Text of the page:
This Place Matters: The Gilman House

Posted on January 6th, 2020 by susanblake

The January featured Landmark is the Gilman House located at 151 N. First Street. and Grant Avenue.. Built in 1900, it has watched over the transformation of our downtown from a rural, agricultural area with orchards and dirt roads when horse and buggies passed by, to today’s Civic Center with City Hall just across the street.

The house was the original home of an early settler, Mrs. Maude Gilman. Mrs. Gilman is reported to have been an active member of the Campbell Methodist Episcopal Church. That church was located at the northwest corner of Campbell Avenue and North First Street, currently a Starbucks, and stood at that location until 1955.

This single story, Colonial Revival Cottage home is unique with its wide corner entry, wooden porch and many cantilevered windows. The windows allow for more light and opened up the views on all sides of the house. It also features a hip roof with dormer gable above the front entrance and a combination of narrow ship lap siding below with redwood shingles above. Leaded and Stained glass windows adorn many of the front three façades.

It is a fine example of adaptive re-use as the current owner has done extensive restoration while turning it into his business. When he purchased the house, most of the doors and door frames along with decorative molding had been removed. Fortunately, he found them stacked and preserved in the basement, and he was then able to figure out the puzzle and have them reinstalled.

In talking with the owner, he shared out an interesting story about the home. About ten years ago, shortly after he had purchased it and moved in, an elderly lady came to the front door and knocked. She asked if she could come in for a few minutes, just to look around.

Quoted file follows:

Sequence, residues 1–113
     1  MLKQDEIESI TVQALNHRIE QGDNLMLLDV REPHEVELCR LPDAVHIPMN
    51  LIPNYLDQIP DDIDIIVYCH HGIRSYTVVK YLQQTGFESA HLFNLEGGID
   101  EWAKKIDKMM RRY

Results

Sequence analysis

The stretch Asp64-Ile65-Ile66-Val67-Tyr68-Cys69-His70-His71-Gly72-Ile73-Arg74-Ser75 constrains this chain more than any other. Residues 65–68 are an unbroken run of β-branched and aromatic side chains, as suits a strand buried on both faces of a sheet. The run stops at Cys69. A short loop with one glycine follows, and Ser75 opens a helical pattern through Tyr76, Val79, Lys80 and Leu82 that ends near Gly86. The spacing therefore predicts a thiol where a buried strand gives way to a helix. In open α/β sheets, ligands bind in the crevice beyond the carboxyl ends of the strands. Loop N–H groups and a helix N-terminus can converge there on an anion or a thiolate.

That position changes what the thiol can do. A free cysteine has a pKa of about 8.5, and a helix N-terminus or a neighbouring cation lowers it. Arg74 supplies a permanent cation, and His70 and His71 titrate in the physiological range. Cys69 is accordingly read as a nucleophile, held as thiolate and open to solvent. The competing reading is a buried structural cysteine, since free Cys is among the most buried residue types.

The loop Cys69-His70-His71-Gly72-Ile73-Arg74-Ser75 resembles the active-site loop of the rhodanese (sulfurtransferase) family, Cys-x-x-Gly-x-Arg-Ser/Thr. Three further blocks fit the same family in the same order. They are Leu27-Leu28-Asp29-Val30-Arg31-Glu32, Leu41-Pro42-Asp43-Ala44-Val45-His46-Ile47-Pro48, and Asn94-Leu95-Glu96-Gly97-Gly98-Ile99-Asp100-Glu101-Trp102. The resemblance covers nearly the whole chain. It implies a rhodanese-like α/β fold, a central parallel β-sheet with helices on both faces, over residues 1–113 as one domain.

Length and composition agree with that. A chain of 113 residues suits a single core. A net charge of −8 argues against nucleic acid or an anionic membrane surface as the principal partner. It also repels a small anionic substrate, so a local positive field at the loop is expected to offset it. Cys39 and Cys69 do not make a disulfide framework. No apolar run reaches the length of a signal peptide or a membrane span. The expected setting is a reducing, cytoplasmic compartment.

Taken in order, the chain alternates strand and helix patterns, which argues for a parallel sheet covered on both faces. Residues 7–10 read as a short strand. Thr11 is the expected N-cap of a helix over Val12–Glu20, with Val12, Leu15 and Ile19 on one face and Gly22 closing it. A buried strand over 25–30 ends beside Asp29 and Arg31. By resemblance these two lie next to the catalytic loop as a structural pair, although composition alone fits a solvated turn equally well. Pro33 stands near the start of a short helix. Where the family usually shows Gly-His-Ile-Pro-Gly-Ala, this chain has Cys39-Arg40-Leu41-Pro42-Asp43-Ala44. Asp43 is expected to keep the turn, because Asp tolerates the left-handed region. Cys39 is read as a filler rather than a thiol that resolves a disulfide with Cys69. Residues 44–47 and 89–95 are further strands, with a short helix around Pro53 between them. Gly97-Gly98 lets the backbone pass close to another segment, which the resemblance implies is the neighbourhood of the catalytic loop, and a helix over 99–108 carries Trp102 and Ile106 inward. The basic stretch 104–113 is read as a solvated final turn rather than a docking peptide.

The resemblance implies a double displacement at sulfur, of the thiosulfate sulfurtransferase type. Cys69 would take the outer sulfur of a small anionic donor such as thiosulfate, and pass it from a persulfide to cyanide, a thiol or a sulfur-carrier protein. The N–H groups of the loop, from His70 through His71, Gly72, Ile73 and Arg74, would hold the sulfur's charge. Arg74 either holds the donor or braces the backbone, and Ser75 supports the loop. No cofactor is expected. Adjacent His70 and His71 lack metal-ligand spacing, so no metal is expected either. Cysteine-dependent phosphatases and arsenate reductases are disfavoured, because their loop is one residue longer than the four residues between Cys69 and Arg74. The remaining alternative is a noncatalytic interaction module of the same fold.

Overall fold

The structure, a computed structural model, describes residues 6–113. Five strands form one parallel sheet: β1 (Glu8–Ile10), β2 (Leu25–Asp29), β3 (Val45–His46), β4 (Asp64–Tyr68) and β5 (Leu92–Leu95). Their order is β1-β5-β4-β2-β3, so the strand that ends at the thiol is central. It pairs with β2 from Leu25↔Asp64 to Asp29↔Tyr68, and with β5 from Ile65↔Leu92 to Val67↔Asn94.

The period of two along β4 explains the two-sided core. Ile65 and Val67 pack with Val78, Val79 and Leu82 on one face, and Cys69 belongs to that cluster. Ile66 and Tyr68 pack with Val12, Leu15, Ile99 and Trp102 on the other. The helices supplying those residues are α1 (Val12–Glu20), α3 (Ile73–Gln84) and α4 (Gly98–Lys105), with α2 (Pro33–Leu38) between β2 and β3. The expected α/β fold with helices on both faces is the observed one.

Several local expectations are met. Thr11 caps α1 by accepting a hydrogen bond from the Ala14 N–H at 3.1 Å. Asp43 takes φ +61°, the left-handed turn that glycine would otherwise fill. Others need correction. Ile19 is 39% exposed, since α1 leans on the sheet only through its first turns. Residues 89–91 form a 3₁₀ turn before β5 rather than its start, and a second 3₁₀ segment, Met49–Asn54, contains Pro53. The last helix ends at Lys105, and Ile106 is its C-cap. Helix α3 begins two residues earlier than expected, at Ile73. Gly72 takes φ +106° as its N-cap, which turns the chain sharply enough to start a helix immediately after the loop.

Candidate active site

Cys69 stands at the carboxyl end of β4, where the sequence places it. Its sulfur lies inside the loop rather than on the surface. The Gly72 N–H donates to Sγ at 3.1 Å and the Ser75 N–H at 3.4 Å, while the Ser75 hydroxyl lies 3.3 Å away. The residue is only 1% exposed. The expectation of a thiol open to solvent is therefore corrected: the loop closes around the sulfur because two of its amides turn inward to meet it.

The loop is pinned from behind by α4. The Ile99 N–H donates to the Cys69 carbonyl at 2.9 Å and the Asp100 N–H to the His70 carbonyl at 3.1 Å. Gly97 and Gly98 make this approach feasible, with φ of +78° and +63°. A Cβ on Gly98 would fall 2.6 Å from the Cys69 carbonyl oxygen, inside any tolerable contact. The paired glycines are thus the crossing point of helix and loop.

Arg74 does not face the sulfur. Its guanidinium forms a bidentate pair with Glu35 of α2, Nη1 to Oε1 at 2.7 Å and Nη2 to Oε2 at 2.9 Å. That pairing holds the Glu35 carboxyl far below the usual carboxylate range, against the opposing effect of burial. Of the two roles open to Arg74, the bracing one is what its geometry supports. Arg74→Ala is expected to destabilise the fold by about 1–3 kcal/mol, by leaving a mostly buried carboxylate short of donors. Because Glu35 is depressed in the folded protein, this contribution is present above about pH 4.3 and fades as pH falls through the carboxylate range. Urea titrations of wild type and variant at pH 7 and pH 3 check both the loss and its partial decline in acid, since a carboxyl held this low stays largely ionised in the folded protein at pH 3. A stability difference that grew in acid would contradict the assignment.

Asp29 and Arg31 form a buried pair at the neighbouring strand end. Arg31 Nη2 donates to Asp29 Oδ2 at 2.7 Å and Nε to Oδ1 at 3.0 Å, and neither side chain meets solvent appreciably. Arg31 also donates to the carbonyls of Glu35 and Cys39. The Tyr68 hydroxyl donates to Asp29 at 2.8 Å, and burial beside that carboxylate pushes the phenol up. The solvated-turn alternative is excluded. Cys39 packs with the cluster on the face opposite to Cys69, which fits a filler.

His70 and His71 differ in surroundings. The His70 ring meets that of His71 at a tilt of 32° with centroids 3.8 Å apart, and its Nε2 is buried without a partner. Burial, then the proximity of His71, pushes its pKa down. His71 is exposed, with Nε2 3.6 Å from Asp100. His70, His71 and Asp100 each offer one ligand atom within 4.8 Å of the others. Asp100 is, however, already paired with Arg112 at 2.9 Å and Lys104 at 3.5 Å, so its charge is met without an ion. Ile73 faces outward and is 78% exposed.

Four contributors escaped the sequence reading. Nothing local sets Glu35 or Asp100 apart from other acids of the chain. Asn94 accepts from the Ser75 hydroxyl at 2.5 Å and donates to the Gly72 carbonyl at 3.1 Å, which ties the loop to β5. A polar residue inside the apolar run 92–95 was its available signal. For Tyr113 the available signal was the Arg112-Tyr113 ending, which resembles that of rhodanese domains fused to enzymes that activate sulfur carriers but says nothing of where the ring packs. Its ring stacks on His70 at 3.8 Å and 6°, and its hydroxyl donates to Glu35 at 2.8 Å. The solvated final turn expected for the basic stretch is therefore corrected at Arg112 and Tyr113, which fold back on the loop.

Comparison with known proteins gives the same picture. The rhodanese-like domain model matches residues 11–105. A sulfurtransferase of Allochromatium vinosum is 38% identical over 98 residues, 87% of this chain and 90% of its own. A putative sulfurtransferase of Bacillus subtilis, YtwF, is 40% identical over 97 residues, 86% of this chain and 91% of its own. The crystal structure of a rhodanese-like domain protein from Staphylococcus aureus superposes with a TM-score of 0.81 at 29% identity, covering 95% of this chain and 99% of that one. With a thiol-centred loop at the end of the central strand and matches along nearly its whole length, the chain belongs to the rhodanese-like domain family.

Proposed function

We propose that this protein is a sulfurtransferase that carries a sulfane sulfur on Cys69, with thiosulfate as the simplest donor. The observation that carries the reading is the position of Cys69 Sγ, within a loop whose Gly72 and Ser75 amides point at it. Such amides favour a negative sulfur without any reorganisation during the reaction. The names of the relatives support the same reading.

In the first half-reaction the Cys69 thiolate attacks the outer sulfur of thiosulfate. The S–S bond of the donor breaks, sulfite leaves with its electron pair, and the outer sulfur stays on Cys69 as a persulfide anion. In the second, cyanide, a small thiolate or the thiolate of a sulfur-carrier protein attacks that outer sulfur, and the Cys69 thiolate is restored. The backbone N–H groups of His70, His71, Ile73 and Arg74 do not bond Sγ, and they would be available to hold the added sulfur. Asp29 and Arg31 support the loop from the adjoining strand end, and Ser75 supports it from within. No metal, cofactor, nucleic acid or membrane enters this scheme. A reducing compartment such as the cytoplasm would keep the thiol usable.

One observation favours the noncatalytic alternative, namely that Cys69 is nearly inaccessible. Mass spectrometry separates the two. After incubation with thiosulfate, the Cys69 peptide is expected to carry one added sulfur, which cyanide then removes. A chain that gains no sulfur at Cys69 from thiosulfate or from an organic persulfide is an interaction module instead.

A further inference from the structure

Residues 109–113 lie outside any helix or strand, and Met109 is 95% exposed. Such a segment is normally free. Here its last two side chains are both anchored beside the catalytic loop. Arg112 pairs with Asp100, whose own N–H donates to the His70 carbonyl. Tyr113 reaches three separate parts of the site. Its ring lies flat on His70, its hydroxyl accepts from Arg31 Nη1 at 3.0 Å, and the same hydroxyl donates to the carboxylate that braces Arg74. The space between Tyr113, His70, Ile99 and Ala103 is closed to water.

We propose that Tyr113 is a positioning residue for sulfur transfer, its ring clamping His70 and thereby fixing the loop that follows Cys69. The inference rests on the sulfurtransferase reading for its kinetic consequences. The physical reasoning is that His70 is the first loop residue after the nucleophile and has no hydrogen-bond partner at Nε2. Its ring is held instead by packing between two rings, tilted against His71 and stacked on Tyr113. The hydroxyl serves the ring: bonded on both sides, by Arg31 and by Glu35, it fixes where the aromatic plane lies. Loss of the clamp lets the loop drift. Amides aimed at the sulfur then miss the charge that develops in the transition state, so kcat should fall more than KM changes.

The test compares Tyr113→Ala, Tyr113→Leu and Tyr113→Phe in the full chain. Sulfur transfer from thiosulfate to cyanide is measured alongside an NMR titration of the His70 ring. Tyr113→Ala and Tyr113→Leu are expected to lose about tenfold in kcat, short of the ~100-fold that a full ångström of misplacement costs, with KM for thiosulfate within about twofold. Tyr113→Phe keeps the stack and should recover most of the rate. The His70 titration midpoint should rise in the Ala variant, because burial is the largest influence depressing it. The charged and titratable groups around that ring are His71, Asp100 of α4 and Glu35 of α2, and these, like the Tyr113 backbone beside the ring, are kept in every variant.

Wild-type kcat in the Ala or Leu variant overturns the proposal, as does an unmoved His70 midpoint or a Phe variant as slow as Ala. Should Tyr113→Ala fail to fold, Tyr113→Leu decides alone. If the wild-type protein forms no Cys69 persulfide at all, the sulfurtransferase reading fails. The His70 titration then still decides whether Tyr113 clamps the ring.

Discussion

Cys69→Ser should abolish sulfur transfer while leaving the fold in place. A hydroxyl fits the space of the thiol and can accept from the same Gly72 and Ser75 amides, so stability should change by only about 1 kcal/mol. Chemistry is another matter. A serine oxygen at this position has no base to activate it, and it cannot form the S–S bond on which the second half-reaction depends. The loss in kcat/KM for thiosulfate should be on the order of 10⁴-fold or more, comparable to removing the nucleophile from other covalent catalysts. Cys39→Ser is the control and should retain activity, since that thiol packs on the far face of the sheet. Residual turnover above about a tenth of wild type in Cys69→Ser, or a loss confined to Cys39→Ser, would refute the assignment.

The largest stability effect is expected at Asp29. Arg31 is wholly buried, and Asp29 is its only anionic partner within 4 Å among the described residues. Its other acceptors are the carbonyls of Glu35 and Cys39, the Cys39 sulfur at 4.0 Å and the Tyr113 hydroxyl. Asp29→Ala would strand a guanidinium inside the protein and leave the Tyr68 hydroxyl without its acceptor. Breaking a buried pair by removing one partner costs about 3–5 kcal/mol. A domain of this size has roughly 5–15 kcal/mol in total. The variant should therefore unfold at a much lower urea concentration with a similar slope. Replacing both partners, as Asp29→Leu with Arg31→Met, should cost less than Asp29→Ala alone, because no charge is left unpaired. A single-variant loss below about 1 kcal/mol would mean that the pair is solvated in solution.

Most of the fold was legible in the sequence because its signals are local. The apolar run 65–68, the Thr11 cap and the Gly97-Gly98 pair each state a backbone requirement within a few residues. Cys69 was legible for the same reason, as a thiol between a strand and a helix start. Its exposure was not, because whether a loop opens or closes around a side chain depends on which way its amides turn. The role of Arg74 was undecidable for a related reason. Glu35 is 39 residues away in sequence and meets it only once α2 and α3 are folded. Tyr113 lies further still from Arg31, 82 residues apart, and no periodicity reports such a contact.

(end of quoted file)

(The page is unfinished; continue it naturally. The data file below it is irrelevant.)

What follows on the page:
Welcoming her in, she said that she had lived here as a child. She said that she was now 86, but remembered how she loved to sit by the big window in the dining room (on Grant) and watch the buggies go by on Sundays on their way to church. Back then the ‘side’ streets were dirt, but the town sprayed them with oil starting on the main road (Campbell Avenue) to help keep the dust down. She also said that the house was a hangout for all the local kids after school.

Before she left, she told him that the house had spirits. She made her way back out to the front door, but paused, laughing. She said she was just a silly old woman and paused again. Turning back briefly, she told him, “Oh, they’re still here.” Unfortunately, the owner did not catch her name.

Want to learn more about Campbell’s historic structures? There’s a free app for that. Search for: Historic Campbell, available for Android or Apple.

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Susan Blake, Campbell Historic Preservation Board.

Check out the archives for This Place Matters for more stories about Campbell's historic homes.

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